1862

Confederates attempt to break through Federal lines surrounding Fort Donelson; the attempt is initially successful, but commanders Floyd and Pillow Hesitate and re-entrench, and the opportunity to escape is lost.

“Saturday – Hard work all day to feed the big crowd. Tom Woods & Menifee very useful in dining room. [Marginal note in a different hand: “color men”] All of us perfectly worn out with the task of feeding some six hundred convalescents, & taking care of one hundred or more quite ill persons — Reports & rumors of the battles at Fort Donelson. Night speaking at the Capitol – Triumph over the repulse of the gunboats.” [Lindsley]

Tennessee Historical Marker, Dover in Stewart County, Tennessee, Buckner’s C.S.A. Division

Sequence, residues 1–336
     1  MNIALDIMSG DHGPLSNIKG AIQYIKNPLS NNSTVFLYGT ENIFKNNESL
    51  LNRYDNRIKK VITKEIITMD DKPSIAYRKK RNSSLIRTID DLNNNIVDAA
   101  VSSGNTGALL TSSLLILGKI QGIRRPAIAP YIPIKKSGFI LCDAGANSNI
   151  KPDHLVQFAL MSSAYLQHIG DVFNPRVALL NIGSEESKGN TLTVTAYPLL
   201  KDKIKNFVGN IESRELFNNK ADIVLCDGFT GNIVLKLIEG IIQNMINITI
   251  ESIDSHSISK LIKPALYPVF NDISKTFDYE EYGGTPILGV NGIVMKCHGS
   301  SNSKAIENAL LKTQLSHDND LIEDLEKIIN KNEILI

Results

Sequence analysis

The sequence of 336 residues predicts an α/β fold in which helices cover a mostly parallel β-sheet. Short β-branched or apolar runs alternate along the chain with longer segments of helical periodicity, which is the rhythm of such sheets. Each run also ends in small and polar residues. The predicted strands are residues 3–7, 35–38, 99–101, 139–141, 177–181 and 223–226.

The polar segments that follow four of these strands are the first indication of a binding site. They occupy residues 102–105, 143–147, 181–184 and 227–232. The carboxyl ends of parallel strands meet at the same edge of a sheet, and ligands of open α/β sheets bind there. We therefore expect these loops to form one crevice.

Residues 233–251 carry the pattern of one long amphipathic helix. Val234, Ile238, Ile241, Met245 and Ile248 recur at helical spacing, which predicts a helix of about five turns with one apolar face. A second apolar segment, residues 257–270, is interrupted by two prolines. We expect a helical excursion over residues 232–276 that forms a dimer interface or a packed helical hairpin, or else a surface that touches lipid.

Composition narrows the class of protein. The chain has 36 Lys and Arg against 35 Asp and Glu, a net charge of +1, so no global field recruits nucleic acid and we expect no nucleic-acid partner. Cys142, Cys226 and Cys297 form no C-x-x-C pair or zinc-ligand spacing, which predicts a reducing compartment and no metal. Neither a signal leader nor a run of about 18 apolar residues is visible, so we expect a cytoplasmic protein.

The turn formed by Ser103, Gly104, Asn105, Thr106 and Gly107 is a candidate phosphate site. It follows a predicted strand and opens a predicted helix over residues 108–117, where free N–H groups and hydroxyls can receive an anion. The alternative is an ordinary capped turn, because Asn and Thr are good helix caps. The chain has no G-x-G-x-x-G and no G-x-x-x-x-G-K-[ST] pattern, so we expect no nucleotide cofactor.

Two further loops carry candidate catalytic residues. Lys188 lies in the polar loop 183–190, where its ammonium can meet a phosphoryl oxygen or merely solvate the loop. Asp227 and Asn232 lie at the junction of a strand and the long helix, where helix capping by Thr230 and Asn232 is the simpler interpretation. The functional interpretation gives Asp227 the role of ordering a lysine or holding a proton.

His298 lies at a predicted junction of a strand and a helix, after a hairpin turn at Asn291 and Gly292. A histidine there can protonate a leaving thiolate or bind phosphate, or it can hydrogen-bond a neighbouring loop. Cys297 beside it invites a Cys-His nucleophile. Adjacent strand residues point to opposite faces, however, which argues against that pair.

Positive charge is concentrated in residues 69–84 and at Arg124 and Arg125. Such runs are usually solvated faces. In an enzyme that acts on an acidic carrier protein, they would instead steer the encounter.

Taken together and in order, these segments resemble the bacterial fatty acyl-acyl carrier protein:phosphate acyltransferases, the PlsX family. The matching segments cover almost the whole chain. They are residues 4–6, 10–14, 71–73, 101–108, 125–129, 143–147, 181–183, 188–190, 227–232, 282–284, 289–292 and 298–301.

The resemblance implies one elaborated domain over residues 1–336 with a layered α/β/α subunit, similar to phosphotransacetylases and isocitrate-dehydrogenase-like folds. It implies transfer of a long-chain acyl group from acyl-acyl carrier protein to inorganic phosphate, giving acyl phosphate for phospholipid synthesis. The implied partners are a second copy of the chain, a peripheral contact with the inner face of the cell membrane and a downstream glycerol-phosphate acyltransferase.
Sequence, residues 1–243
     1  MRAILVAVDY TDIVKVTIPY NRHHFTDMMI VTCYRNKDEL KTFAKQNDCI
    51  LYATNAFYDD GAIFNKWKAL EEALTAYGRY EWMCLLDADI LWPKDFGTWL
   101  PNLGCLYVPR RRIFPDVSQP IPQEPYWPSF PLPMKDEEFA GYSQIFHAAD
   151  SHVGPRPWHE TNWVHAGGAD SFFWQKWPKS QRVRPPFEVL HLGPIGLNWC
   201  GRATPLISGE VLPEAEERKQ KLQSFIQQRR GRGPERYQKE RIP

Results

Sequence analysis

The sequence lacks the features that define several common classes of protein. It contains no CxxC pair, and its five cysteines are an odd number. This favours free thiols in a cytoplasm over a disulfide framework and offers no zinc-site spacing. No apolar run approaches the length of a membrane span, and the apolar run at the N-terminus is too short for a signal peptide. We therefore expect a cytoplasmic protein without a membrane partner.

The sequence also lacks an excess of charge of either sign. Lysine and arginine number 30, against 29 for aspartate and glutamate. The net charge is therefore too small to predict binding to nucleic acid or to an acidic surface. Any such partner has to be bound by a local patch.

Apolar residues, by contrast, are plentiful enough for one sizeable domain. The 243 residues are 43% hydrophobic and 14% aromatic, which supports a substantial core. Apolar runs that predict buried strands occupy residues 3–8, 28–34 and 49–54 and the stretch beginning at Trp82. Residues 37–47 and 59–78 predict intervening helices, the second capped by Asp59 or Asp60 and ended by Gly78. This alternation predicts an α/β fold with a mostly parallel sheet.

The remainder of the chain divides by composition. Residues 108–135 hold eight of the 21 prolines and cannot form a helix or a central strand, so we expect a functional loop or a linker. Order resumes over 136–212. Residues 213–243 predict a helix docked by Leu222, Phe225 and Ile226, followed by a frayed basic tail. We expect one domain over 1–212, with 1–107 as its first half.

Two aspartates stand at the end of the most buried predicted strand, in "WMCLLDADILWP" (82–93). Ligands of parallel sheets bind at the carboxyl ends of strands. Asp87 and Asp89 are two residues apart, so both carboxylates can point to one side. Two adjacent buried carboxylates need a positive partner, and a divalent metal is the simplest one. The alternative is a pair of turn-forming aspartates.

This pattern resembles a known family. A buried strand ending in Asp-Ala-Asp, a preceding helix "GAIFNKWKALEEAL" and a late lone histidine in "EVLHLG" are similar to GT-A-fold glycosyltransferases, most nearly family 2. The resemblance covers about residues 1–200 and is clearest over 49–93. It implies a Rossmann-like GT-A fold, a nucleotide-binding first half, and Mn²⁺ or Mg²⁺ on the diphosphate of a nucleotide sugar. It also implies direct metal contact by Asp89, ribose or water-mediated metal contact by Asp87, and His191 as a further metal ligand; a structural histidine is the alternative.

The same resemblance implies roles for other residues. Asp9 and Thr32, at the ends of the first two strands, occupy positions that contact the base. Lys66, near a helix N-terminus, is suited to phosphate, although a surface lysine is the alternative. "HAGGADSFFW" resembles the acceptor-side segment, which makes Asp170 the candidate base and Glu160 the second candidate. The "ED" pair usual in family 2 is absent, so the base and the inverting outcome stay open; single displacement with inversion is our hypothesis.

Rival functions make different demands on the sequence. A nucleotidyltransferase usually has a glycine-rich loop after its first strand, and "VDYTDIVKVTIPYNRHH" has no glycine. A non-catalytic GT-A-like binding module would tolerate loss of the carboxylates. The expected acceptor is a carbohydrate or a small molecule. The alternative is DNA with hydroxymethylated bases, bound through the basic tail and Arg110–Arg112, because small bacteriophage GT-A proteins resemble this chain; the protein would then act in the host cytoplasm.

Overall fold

On February 15, 1862, about 1 p.m. this division in compliance with General Floyd’s orders withdrew to its original position within the trenches covered by the 2d Kentucky and 41st Tennessee. Only a small portion of the division had reached its position when Smith’s division attacked the right flank of the Confederate line, fell upon Colonel Hanson’s regiment before it had reached the rifle pits and threw it back in confusion upon the 16th Tennessee.
Full citation

1863

Skirmishes near Auburn, Cainsville, and Nolensville.

Skirmishing at Nashville and Clarksville.

The Army of the Cumberland, now based in Murfreesboro, issues orders on how African Americans can be employed – as teamsters and laborers in Quartermasters’ departments; as cooks, nurses, and hospital attendants; as company cooks and officers’ servants.

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